LIVING WATER SMART IN BRITISH COLUMBIA: “Cut through the rhetoric and recognize the importance of the stream in the landscape,” stated Tim Pringle, Chair of the Ecological Accounting Process initiative
NOTE TO READER:
Waterbucket eNews celebrates the leadership of individuals and organizations who are guided by the vision for Living Water Smart in British Columbia to build greener communities and adapt to a changing climate; and embrace “design with nature” approaches to reconnect people, land, fish, and water in altered landscapes.
The edition published on May 10, 2022 addressed the question, what does “managing natural assets” actually mean in a municipal asset management context? Local governments need real numbers to deliver outcomes. EAP, the Ecological Accounting Process, meets this test by providing a number that can be incorporated in an annual Asset Management Budget for stream system maintenance.
Natural Asset Management: Cutting Through the Rhetoric
Management of “natural assets” within a local government’s Asset Management Strategy is an idea whose time has come. This statement sounds good but what does “managing natural assets” actually mean in the local government setting?
Rhetoric without meaningful context or content is not helpful. How concepts are explained is crucial. Use plain language. What is easily understood and can be measured gets implemented.
Visualize a Monday night meeting of a municipal Council and reflect on how Councils make decisions. The mindset and focus of Councillors are on what happens at the parcel scale. Also, how do you get buy-in from a Council for the add-on cost of “natural asset management” when local governments are already grappling with the financial challenges associated with the “infrastructure deficit” for watermains, sanitary sewers and roads?
To help a continuum of audiences come to grips with the questions as posed, the visual included below distils five cascading concepts. These underpin EAP, the Ecological Accounting Process.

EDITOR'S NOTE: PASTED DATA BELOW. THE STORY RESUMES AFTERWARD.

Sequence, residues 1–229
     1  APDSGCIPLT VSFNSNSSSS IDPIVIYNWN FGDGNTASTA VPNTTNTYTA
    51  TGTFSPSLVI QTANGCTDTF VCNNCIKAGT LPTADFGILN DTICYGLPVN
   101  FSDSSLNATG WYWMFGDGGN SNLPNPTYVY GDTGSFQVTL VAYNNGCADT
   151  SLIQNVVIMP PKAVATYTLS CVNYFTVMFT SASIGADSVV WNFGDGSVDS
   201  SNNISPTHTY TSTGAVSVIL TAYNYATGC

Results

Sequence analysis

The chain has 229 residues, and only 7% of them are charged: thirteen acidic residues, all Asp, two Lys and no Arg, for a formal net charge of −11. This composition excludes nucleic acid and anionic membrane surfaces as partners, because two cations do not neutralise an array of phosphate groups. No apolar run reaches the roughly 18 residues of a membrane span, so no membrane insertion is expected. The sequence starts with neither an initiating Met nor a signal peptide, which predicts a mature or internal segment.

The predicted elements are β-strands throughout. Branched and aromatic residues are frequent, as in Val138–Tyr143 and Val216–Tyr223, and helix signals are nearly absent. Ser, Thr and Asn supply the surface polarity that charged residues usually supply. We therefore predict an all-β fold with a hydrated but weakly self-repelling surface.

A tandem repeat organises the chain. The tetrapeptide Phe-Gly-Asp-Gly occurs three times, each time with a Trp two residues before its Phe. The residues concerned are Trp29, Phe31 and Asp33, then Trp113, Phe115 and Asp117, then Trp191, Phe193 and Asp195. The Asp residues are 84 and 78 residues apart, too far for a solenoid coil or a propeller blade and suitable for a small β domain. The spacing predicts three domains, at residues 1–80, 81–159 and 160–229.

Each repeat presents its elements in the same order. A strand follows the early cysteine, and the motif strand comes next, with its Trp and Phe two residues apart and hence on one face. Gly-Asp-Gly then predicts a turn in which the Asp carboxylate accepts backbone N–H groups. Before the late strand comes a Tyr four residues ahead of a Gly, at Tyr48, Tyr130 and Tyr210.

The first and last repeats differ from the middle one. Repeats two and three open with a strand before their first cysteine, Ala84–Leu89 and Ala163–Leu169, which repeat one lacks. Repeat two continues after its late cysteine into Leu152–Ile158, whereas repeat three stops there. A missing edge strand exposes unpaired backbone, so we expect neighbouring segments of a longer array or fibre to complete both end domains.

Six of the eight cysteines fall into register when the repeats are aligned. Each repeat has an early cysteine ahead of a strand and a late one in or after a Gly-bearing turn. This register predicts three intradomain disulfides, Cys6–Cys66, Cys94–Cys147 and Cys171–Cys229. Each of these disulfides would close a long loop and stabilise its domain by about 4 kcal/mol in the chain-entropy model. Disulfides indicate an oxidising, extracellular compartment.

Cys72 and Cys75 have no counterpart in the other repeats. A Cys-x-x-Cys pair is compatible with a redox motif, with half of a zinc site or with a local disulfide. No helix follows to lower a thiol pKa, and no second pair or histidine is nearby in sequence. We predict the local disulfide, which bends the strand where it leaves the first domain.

EAP expresses stream system maintenance and management (M&M) as a measurable metric, the Riparian Deficit, which is the environmental equivalent of the Infrastructure Deficit. The riparian deficit is a measure of “loss of riparian integrity” due to land use intrusion into the regulated streamside setback zone.
EAP puts the environmental perspective on an equal footing with the engineering and accounting perspectives and thus bridges a gap.
Asset Management Context for EAP
In 2015, EAP was an idea. The methodology and metrics recognize the importance of the stream in the landscape. It has been a 6-year journey to test, refine and mainstream the EAP methodology and metrics through a building blocks program of applied research.
Water Balance Accounting, pillar number one, addresses changes on the land draining to the stream. Ecological Accounting, pillar number two, addresses changes within a stream corridor. Integration of the two is the goal.
Asset Management for Sustainable Service Delivery: A BC Framework provides local governments with an incentive to go down this path. The provincial expectation is that local governments would integrate “natural assets” into asset management processes. EAP shows them how to do it for stream systems and water assets such as wetlands.
To Learn More:
To read the complete story published on May 10th 2022, download a PDF copy of “Living Water Smart in British Columbia: Natural asset management… cutting through the rhetoric”.
DOWNLOAD A PDF COPY: https://waterbucket.ca/wcp/wp-content/uploads/sites/6/2022/05/PWSBC_Living-Water-Smart_Ecological-Accounting-Process_2022.pdf